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Woman with ringing in her ears after taking this common medication.

You hear a ringing in your ears when you get up in the morning. This is strange because they weren’t doing that yesterday. So you begin thinking about likely causes: lately, you’ve been keeping your music at a lower volume and you haven’t been working in a noisy environment. But you did have a headache yesterday, and you did take some aspirin last night.

Might the aspirin be the cause?

And that idea gets your brain working because maybe it is the aspirin. And you recall, somewhere in the deeper crevasses of your mind, hearing that certain medicines were linked to reports of tinnitus. Is one of those medicines aspirin? And does that mean you should quit taking aspirin?

Medication And Tinnitus – What’s The Link?

Tinnitus is one of those conditions that has long been reported to be connected to a number of medications. But what is the reality behind these rumors?

It’s widely assumed that a huge variety of medications cause tinnitus or tinnitus-like symptoms. But the reality is that only a small number of medicines lead to tinnitus symptoms. So why do so many people believe tinnitus is such a prevalent side effect? Here are some hypotheses:

  • The affliction of tinnitus is pretty common. More than 20 million people cope with chronic tinnitus. Some coincidental timing is inevitable when that many individuals suffer with tinnitus symptoms. Enough individuals will start using medicine around the same time that their unrelated tinnitus begins to act up. Because the timing is, coincidentally, so close, people make some false (but understandable) assumptions about cause-and-effect.
  • Many medicines can impact your blood pressure, which also can affect tinnitus.
  • Beginning a new medicine can be stressful. Or, in some instances, it’s the underlying cause, the thing that you’re taking the medication to fix, that is stressful. And stress is commonly associated with tinnitus. So it’s not medication causing the tinnitus. It’s the stress of the entire experience, though the confusion between the two is somewhat understandable.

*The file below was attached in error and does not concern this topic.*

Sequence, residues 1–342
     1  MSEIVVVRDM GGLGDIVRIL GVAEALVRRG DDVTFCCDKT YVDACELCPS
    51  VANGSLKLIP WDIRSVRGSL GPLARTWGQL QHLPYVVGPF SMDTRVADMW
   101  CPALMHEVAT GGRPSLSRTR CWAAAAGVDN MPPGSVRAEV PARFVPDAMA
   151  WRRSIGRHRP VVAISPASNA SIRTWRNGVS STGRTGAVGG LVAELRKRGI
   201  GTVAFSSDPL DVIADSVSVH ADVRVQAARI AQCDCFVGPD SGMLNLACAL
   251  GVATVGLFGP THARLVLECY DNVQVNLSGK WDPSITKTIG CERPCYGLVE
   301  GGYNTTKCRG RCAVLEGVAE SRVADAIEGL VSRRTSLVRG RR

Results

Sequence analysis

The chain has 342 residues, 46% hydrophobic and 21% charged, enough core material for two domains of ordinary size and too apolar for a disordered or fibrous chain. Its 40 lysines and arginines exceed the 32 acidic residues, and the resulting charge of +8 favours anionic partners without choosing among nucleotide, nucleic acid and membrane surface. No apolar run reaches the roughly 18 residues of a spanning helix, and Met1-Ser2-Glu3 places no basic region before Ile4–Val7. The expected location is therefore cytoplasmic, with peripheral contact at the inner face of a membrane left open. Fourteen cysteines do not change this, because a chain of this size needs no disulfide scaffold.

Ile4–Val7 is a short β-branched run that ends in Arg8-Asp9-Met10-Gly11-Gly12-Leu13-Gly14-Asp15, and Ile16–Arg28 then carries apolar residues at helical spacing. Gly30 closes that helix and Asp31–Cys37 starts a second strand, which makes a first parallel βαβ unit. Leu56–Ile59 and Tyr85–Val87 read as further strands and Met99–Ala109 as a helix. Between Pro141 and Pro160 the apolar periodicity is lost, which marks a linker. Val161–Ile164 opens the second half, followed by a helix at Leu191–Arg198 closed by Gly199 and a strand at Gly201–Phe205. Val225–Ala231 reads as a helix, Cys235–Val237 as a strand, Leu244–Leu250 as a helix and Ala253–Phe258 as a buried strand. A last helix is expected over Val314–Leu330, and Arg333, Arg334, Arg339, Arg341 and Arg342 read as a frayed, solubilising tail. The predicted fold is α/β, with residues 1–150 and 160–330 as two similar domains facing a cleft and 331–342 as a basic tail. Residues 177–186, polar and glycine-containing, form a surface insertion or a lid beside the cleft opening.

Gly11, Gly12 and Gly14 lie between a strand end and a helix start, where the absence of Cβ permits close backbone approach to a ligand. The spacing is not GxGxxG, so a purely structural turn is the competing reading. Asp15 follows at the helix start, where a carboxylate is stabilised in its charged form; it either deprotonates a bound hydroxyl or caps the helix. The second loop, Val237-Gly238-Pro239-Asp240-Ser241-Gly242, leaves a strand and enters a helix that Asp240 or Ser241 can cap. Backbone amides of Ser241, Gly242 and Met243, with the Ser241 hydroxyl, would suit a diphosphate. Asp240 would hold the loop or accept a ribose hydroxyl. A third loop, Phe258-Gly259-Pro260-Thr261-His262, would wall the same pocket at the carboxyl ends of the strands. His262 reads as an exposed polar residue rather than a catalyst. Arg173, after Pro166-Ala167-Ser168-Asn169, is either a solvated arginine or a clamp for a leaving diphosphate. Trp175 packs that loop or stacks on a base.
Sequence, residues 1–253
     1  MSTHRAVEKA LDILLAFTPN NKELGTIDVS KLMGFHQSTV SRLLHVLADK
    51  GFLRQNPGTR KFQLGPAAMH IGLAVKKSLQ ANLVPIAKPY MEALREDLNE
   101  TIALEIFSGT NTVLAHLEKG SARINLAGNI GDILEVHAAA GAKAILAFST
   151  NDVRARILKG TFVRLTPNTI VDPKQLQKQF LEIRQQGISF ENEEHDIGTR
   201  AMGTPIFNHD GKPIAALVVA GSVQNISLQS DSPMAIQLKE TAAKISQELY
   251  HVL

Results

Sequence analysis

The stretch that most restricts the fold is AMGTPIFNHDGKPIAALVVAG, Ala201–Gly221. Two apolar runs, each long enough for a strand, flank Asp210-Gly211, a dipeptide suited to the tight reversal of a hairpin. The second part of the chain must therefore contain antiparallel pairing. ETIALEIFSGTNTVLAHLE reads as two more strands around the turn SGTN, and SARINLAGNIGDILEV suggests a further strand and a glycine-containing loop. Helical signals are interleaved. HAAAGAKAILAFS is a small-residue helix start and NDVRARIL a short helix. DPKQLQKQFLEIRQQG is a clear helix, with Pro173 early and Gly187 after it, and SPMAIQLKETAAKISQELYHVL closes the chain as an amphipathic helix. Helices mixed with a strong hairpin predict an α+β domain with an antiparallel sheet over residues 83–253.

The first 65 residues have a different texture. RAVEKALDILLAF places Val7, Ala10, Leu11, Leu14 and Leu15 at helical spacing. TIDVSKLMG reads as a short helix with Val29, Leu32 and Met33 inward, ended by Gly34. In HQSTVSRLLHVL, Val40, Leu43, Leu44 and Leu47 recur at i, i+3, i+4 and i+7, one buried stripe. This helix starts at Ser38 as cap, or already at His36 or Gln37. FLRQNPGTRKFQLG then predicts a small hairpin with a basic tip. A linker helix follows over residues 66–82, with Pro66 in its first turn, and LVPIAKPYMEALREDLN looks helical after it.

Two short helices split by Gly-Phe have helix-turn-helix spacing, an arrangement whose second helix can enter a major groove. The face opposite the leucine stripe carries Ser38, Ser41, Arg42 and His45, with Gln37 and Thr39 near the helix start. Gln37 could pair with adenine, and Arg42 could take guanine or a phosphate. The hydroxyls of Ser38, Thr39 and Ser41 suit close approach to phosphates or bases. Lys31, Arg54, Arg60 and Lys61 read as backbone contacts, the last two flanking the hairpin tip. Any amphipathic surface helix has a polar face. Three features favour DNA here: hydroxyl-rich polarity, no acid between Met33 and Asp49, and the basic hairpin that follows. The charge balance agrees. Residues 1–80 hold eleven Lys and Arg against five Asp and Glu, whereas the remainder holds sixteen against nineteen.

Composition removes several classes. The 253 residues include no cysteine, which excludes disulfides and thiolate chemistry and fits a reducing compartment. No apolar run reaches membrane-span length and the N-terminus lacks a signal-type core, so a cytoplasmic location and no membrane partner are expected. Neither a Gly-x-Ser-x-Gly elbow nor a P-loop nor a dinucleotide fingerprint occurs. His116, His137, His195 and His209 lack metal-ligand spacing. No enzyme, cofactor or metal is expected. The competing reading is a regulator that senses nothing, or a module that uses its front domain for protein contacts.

Which Medicines Can Trigger Tinnitus?

There is a scientifically proven link between tinnitus and a few medicines.

Strong Antibiotics And The Tinnitus Connection

There are certain antibiotics that have ototoxic (ear damaging) properties. These strong antibiotics are usually only used in extreme situations and are known as aminoglycosides. High doses are usually avoided because they can lead to damage to the ears and bring about tinnitus symptoms.

Medicines For High Blood Pressure

Diuretics are commonly prescribed for people who are dealing with hypertension (high blood pressure). Creating diuretics have been known to cause tinnitus-like symptoms, but normally at considerably higher doses than you might normally come across.

Aspirin Can Cause Ringing in Your Ears

And, yes, the aspirin might have been what caused your tinnitus. But here’s the thing: Dosage is again very important. Generally speaking, tinnitus occurs at really high doses of aspirin. Tinnitus symptoms usually won’t be produced by standard headache doses. Here’s the good news, in most circumstances, when you stop taking the large dosages of aspirin, the tinnitus symptoms will dissipate.

Consult Your Doctor

There are some other medications that might be capable of causing tinnitus. And the interaction between some mixtures of medications can also produce symptoms. So talking to your doctor about any medication side effects is the best plan.

You should also get checked if you begin noticing tinnitus symptoms. It’s difficult to say for certain if it’s the medicine or not. Tinnitus is also strongly linked to hearing loss, and some treatments for hearing loss (like hearing aids) can help.

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The site information is for educational and informational purposes only and does not constitute medical advice. To receive personalized advice or treatment, schedule an appointment.
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